Yesterday evening, The Building Centre hosted the 4th in the series, Energy Conversations: Zero Carbon…a goal too far?
I was eager to hear what some of those at the forefront of sustainable building would have to say about the progress being made towards zero carbon homes. From the 2006 government consultation document Building A Greener Future: Towards Zero Carbon Development to the target of zero carbon new homes by 2016 . We are now halfway there so where are we at?
Alasdair Young, head of the London Sustainability team at Buro Happold chaired the evening. He gave a brief introduction to each of the guest speakers. Neil Jefferson of Zero Carbon Hub was the first speaker to take the podium. He focussed on new homes since 2008. He commented that Building Regulations were non negotiable but that code 6 for Sustainable Homes wasn’t the same as a zero carbon home and therefore the definition of such should be better defined.
Jonathan Hines pioneering Architect for Architype agreed that the specification for zero carbon homes should be redefined. He thought that zero carbon and renewables should be kept completely separate and that renewables should not be used to offset carbon emissions.He is not a micro renewables advocate as he believes their poor performance does not justify their cost. He concluded that we should design buildings which require less energy.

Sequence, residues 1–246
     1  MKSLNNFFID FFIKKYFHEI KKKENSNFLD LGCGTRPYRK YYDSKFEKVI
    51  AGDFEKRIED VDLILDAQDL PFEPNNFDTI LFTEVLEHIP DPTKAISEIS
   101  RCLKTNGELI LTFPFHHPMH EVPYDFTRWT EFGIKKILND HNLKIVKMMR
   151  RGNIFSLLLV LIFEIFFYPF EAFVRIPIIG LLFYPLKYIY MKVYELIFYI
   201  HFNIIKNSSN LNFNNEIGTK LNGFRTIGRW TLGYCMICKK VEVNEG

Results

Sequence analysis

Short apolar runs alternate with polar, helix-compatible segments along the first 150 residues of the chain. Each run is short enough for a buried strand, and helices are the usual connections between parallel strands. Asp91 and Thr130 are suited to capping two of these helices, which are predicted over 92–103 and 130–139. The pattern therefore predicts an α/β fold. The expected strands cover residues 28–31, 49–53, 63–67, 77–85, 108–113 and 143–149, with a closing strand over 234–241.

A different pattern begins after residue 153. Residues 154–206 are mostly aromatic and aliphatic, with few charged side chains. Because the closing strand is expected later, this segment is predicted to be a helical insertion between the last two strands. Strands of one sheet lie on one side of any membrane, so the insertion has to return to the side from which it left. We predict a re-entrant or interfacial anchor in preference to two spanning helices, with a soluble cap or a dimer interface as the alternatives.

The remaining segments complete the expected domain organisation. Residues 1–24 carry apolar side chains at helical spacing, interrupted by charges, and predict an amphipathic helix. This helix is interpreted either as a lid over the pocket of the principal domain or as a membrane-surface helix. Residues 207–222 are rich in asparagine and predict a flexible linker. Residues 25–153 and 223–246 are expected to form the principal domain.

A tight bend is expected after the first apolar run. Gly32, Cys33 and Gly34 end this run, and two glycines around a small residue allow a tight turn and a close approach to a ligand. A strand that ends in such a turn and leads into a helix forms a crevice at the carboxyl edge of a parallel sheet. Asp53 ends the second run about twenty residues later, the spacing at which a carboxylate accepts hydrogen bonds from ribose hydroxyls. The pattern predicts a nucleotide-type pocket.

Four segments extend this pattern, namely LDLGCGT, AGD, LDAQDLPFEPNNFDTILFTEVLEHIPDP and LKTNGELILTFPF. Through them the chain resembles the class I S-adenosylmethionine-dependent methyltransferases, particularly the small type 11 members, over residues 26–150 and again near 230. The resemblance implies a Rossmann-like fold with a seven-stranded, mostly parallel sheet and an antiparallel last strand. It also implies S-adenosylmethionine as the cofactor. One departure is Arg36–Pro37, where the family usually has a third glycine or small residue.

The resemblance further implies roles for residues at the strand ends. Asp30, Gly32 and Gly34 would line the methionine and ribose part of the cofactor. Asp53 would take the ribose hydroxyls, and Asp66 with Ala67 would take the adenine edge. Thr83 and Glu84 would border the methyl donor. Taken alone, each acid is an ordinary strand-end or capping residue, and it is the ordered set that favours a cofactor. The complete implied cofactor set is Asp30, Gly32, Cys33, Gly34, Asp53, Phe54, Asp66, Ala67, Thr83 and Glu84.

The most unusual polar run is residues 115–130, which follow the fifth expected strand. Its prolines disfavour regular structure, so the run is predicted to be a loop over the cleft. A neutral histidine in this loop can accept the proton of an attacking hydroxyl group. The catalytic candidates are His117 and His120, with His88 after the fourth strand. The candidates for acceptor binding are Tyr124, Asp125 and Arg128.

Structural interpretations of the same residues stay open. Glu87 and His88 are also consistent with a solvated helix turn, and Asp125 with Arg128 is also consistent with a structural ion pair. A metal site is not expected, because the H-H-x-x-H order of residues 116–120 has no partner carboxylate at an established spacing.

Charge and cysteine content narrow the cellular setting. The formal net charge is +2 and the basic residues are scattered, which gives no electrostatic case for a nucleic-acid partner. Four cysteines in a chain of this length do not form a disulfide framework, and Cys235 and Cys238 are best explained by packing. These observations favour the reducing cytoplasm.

In contrast Marco Marijewycz of Eon, champions micro renewables having formerly been Chairman of Micropower, Europe’s Strategy Group and has been part of a number of influencing campaigns including helping to raise the profile of microgeneration technologies in the eyes of the European Commission. It was Marco’s opinion that our biggest challenge was our increasing population which would lead to increased carbon emissions. We need to future proof new homes and make zero carbon homes affordable.
Allan Thompson Managing Director of Gentoo Construction had a very optimistic outlook. Implying that from his experience sustainable homes were becoming more affordable. His company has been involved in a programme to deliver 3,500 homes to various levels of the Code for Sustainable Homes, including a 28 unit PassivHaus development. The additional costs in building a sustainable home to code 6 has been estimated to be 40k. Gentoo has achieved code 6 for an extra 38K per home and Allan is confident that he can reduce this cost in six months even further to 26k. Allan believes that the construction industry needs to try harder and that costs can be cut without compromising energy and emission savings.
A very enjoyable evening! So whether or not we’re on target for achieving zero carbon new homes by 2016 may still be open for debate but at least we are trying and if we just try a little harder we may just get there!